(Inside Science) -- Woodpeckers are some of the most industrious birds in nature. Their intense tapping -- all an elaborate effort to procure food -- can happen as rapidly as 20 pecks per second, with each strike transmitting a seemingly brain-rattling force of up to 1,200 times the force of gravity at Earth's surface.
Yet, despite those repetitive impacts, woodpeckers typically show none of the typical signs of head trauma. How do their brains endure this?
Their remarkable ability to absorb shock has made woodpeckers a favorite species to study for biology-inspired materials and design. Now, a new analysis shows that the bird's body stores most of the energy created in the pecking – and the understanding could lead to better helmets, cars or armor.
Wu Chengwei, a mechanical engineer at Dalian University of Technology in northeastern China, used CT scans of the birds' bodies to create a precise 3D model of the creature. Working with colleagues, he ran computer models and found that 99.7 percent of the energy generated in pecking was stored in the form of strain energy, which spread out the force over the bird's body. Only a tiny leftover fraction of the energy went into the bird's brain.
Beyond the obvious direct impact, there are other consequences of pecking at a tree. The repeated effort heats up the woodpeckers' heads. This is part of why they often take an interval of rest between bursts of furious tapping.
"The very special structure of the skull and the interval pecking method (for the heat dissipation) of the woodpecker is the key for [its] safe pecking," wrote Chengwei in an email to Inside Science. He added that he was inspired by speaking to a brain surgeon friend about the fragility of human brains. The results of the study were published in the journal Science China Technological Sciences in June.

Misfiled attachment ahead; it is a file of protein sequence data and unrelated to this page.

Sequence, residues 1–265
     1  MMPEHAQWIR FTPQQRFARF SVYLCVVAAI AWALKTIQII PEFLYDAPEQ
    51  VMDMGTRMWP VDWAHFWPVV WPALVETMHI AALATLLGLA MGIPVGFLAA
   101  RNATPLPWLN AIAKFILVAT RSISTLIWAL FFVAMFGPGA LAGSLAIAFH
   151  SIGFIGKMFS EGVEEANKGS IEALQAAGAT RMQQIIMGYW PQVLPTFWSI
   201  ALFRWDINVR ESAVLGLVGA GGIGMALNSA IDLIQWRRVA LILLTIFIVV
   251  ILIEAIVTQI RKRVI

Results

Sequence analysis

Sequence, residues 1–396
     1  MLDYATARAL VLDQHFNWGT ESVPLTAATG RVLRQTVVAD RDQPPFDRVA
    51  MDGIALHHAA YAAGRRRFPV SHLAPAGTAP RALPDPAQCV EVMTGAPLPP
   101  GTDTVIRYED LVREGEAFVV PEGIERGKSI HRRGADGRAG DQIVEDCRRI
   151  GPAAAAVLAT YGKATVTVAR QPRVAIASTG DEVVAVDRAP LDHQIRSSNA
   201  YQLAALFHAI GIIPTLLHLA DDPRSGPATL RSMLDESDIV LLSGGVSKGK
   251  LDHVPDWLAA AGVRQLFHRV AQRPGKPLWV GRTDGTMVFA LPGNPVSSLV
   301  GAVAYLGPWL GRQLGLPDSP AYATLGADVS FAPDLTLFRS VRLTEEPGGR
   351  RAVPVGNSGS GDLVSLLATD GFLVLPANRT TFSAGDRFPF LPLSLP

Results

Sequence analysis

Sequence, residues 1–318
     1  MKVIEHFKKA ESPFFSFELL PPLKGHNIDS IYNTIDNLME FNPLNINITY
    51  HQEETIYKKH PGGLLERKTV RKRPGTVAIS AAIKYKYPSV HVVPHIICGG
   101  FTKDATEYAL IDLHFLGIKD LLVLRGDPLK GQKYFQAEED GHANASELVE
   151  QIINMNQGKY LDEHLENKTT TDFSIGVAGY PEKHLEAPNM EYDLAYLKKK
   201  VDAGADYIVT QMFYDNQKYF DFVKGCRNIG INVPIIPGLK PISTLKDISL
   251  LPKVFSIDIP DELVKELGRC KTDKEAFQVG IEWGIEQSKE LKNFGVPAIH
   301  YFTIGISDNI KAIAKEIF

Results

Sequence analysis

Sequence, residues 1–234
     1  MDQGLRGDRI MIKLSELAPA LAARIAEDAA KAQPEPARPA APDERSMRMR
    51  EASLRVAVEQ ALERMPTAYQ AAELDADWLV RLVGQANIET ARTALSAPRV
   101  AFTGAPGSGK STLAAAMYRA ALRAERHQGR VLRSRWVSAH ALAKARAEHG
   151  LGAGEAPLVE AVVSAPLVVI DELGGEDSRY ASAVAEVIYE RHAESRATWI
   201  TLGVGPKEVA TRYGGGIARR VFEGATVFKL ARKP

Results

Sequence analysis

Other researchers believe that woodpeckers have the right stuff for better materials. In 2011, two University of California, Berkeley engineers proposed a shock-absorbing system to protect tiny commercial devices from unwanted rattling and jiggling, inspired from a spongy bone contained within a woodpecker's skull.
Lakiesha Williams, an assistant professor of agriculture and biological engineering at Mississippi State University in Starkville, also studies woodpeckers, beginning after a student asked about them when working on a project about football helmets. Williams said that the new research is a good start in the right direction -- but she believes the analysis should have separated the beak into its three component parts -- keratin, bone and foam. The beak's outer layer is comprised of tiny scales of the protein keratin. The middle layer is a foamy material, and the inner layer is dense bone, which guides the concussive jolts toward the bird's body.
"Each of these parts [plays] a unique role in mitigation," she said.
Researching woodpeckers can be challenging, especially when it comes to obtaining enough material from specimens to dissect and analyze.
"We usually have to obtain them from the wildlife department, if someone there picks one up and stores it in the freezer," explained Williams. "They've been hard to come by and they're so small -- these beaks are a couple centimeters long so we really have to optimize our use."
Though the woodpecker packs a punch, it's not particularly bulky -- the biggest types weigh in at less than a pound.
"We tend to think stronger, tougher materials will always be better, but from an engineering view, they're usually heavy and costly to create," she said, adding that woodpeckers are able to maintain a large force with a small mass.
The applications of woodpecker understanding go beyond football helmets.
"What about vehicular design?" said Williams. "We may not use the exact components - foam, bone, and keratin -- to design cars, but what about the architecture of the beak?"
Chengwei pointed out that woodpecker-inspired materials have more applications, like an anti-shock car bumper on automobiles, or shock-proof space suits for astronauts.
Williams said that because woodpecker beaks strike wood at a lightning-fast 6-7 meters per second, the tech could also be applied to soldier armor, helmets, and military vehicles -- which all must be designed to absorb flying bits of shrapnel with similar velocities.
"Nature does it best when it comes to optimizing resources," she said.